As with the original example, this latest California Ferrari is a car of rare elegance, born with a spirit to race, that evokes exclusivity, master craftsmanship and exemplary refinement. While the 2010 version echoes the spirit and emotion of the past, it also possesses a wealth of modern technological innovations to enhance one's driving experience.

The Ferrari California's breathtaking design is the result of a combined effort with Ferrari's historical partner Pininfarina. The styling displays an athletic form with sculpted lines and surfaces that flow gracefully, reflecting ideal proportions with the top up or down. The sides emphasize fluid motion via a strong dynamic line that runs from the stylized "gill" in the quarter panel, through the door, rising above the handle and curving over the rear fender and muscular wheel arch, to the short overhang of the rear end. The vehicle's nose develops the overall theme characteristics typified by the convex and concave surfaces that blend harmoniously and effortlessly. The functional slender air vent in the hood is flanked by teardrop headlamp clusters above the slatted "egg-crate" grille and front splitter and lower air vents. The overall styling prompts a host of descriptive terms – curvaceous, racy, breathtaking, stunning, sexy and outrageously beautiful. It sits low, with the wheels and tires nicely filling the wells without any wasted space around them. As with other Ferrari models, the California comes across visually as a fine piece of sculpture, displaying the same appeal and elegance with its top up or down, exhibiting proper proportions in either mode. The coefficient of drag wasn't listed, but it's definitely aerodynamic and no doubt as slippery as it looks.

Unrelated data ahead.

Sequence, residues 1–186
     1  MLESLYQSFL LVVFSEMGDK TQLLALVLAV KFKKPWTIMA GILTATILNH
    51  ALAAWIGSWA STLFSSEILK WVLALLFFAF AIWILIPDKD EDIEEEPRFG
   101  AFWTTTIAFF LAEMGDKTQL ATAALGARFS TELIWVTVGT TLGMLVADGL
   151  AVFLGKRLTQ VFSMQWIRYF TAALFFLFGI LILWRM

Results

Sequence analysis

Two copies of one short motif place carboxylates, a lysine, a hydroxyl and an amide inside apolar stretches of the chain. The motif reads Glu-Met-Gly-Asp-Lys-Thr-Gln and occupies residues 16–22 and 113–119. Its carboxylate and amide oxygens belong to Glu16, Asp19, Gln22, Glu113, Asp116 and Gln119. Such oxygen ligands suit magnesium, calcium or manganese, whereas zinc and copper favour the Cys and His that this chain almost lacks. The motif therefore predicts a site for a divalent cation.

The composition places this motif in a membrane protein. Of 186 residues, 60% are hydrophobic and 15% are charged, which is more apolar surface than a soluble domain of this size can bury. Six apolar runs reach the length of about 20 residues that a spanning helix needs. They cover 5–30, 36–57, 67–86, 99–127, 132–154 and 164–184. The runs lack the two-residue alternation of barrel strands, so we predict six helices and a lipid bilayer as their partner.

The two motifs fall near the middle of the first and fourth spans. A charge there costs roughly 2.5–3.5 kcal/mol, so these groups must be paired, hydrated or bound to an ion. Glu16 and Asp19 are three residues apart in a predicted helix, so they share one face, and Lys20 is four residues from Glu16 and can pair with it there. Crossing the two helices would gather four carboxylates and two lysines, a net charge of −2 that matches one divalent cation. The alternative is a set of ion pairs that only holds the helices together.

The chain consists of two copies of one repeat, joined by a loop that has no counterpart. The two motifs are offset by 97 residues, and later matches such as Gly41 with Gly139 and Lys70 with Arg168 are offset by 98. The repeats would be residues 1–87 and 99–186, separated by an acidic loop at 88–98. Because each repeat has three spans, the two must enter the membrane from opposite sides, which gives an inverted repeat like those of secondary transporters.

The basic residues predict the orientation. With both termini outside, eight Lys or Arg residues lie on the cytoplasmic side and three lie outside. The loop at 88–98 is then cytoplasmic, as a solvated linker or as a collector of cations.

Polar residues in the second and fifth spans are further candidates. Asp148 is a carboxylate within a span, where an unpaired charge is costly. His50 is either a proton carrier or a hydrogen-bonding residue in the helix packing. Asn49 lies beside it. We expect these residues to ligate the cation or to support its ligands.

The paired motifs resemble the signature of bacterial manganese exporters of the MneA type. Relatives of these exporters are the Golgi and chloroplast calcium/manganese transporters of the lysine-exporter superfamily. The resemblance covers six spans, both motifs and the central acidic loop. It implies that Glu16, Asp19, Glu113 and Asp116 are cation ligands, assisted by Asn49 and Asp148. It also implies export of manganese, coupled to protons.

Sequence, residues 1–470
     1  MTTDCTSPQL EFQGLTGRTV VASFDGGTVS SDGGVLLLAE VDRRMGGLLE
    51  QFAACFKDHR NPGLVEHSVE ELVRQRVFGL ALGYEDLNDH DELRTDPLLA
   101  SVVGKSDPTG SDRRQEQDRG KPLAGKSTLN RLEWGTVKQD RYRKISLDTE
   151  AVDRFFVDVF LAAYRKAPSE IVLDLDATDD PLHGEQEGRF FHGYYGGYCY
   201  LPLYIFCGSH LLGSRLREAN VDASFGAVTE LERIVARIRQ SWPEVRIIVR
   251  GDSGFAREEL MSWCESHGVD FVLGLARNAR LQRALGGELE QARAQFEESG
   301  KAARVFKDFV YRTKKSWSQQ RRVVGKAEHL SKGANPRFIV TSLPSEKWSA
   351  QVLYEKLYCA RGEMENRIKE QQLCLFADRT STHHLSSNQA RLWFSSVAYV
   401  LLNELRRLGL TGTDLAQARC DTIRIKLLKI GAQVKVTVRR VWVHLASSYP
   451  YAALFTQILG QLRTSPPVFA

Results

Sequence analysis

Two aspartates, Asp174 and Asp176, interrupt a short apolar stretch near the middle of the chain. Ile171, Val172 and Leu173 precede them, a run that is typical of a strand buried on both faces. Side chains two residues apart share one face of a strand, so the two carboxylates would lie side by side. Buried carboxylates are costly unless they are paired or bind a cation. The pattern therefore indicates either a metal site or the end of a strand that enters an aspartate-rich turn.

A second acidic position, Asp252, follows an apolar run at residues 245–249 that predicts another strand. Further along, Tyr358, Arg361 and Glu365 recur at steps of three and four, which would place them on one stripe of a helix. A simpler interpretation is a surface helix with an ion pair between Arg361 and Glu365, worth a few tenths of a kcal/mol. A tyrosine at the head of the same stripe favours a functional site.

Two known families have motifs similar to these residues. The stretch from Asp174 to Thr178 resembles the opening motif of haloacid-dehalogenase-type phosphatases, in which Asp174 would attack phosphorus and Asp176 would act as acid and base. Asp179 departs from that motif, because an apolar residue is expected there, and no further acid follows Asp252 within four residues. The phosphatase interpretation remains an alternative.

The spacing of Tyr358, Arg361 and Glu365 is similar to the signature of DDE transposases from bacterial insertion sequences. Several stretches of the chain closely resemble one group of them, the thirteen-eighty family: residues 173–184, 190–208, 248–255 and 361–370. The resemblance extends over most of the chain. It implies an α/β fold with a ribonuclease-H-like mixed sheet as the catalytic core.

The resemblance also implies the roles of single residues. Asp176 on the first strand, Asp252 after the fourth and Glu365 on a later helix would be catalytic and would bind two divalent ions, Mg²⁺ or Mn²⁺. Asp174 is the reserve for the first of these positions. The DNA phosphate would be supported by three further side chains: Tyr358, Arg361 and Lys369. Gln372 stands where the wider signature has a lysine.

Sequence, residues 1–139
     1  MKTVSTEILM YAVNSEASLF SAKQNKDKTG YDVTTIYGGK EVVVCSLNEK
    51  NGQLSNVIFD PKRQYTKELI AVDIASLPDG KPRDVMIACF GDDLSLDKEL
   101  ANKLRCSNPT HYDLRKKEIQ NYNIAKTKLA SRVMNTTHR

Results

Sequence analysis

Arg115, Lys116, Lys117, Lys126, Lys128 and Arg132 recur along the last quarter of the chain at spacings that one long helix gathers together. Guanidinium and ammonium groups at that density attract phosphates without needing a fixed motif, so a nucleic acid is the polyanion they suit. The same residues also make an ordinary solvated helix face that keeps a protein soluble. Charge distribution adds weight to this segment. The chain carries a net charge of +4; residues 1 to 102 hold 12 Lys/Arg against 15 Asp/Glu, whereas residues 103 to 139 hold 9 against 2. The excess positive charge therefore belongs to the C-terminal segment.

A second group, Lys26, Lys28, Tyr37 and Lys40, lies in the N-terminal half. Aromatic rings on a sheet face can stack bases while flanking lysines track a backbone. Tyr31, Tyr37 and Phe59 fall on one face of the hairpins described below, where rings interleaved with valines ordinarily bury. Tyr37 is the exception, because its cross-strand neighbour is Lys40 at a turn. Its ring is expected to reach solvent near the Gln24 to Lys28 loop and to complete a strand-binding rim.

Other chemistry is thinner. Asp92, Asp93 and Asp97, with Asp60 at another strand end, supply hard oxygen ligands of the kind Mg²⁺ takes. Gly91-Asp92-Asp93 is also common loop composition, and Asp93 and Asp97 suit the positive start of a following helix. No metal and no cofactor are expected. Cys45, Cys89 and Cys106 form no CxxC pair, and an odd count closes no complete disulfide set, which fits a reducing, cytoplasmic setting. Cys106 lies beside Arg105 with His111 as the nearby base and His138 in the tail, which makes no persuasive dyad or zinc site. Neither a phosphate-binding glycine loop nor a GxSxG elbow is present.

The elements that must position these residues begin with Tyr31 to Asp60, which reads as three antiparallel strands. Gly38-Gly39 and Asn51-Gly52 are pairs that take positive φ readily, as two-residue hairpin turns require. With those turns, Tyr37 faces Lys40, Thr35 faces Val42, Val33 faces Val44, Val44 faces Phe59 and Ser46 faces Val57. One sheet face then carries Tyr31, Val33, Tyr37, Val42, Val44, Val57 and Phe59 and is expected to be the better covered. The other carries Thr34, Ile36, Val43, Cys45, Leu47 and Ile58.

The California's interior exhibits the same tasteful sophistication as the exterior. The leather seating features special stitching, perforation and unique strap detailing. Occupants sit low in the car, which is exaggerated by the high, rising beltline. Switchgear is positioned for optimum ease of use, and the analogue gauges are highly legible. The engine start button is wheel-mounted, and there is no traditional gearshift per se – gear changes are manipulated by the column-mounted paddle shifters, with the exception of reverse gear, which is activated by a centre console mounted button.

Not everyone is destined to own a vehicle bearing the highly recognizable Ferrari logo for many reasons – the two primary issues being that their production is quite limited, and they are also quite expensive, putting them out of reach for the average consumer. The Ferrari California is actually the lowest priced model in the Ferrari stable, starting at $192,000 USD. Even though one would naturally believe it to be more, due to the sophisticated, fully automatic retractable hardtop which is constructed of aluminum.